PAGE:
Iwata: You joined halfway through, so you aren’t acquainted with all the details?
Kano. No. But I have heard Mr Yokoi took his inspiration from pocket calculators.
Izushi: Don’t forget that the chip used in the Game & Watch was the same chip used in those pocket calculators. Originally, each number on the display of a calculator had seven segments…
Iwata: The numbers from 0 to 9 were displayed using a structure segmented into seven pieces.
Izushi: That’s right. Therefore, a calculator capable of calculating to eight places had eight rows of seven segments, for a total of 56 segments. Also, there were a few extra segments for mathematical symbols like the minus sign (-). The chip we used to make “Ball” could control a total of 72 segments.
Iwata: So in short, rather than use those 72 segments, which could each be turned on and off, to display numbers, you used them to display pictures, and used those to create a game.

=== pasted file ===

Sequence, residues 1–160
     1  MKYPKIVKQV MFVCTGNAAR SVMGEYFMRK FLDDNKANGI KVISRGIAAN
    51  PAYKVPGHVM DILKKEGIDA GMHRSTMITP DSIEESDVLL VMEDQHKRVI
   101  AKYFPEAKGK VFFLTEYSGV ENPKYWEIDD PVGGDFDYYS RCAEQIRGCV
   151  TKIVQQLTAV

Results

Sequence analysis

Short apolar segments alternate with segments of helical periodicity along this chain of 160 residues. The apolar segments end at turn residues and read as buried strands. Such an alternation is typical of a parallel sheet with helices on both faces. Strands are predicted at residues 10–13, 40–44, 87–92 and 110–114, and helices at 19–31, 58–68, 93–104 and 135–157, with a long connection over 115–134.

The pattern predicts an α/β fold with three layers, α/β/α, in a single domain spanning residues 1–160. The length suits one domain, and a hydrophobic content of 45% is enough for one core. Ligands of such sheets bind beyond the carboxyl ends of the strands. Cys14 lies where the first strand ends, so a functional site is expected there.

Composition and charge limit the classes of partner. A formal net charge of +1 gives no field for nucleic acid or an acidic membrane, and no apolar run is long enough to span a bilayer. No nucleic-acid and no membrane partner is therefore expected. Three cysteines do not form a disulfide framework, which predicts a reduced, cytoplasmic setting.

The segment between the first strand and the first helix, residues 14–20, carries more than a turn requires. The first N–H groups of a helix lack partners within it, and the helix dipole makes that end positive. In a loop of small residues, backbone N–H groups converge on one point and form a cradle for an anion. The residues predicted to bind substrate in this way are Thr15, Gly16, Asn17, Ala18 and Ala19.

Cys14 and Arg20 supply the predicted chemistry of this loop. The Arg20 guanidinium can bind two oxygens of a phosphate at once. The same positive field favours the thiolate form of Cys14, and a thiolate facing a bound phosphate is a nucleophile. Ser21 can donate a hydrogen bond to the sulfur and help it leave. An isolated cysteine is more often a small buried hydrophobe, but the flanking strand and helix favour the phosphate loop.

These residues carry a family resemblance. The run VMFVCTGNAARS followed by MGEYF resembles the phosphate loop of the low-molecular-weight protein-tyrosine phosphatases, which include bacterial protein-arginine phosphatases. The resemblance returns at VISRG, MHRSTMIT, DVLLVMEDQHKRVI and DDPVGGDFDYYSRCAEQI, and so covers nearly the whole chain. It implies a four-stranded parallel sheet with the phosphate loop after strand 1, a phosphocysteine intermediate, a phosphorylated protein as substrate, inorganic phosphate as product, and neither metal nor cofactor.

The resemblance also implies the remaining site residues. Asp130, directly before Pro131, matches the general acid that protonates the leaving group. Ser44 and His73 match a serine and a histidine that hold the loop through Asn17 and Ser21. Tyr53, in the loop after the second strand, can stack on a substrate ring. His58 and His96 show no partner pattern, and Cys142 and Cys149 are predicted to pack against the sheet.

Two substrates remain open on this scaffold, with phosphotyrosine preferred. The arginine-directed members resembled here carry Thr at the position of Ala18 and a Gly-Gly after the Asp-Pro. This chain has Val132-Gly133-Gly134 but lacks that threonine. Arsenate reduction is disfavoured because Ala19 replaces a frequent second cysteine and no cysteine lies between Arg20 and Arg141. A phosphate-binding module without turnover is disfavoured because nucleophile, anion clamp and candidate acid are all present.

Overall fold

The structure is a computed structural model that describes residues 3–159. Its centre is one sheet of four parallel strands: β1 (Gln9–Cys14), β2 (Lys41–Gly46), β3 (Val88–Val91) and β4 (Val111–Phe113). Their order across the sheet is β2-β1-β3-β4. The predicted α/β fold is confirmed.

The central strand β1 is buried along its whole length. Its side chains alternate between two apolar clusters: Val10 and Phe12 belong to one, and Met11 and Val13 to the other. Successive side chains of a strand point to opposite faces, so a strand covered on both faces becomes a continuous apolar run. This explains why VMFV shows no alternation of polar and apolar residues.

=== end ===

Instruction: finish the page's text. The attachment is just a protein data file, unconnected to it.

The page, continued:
Izushi: That’s exactly right.
Kano: Don’t forget that Ball’s screen has a counter in the upper right corner used to display the score or the time. That by itself used four columns of seven segments, or 28 segments.
Iwata: So out of a total of 72 segments, that left you 44.
Kano. Yes. The images of the character and the balls were created out of those remaining segments.
Iwata: I see. I’ve also heard that the idea to use the four-column point counter to also display the time came late in development.
Kano. As I joined development part way through, I don’t know the details of how the clock function was added, but considering that digital clocks usually have a colon in between the hours and the minutes, which the Game & Watch is missing, I can believe that the clock was an afterthought.
Izushi: A quartz crystal is an easy thing to add late in development, too.
Kano: Remember that adding a colon would have used up one of the segments. I’m sure they wanted to save that segment.
Iwata. It would have been a shame to use it up on something not game-related.
Kano: Yes, what a waste! (laughs) To address that, the second game, “Flagman,” could only display the digit “1” in the thousands column, and only by the sixth game, “Manhole,” was there a display for “AM” and “PM.”
Iwata: Why could it only display the digit “1”?
Kano: Well, for example, to display “10:00 PM,” you need display “AM” and “PM,” as well as four rows, which use 28 segments.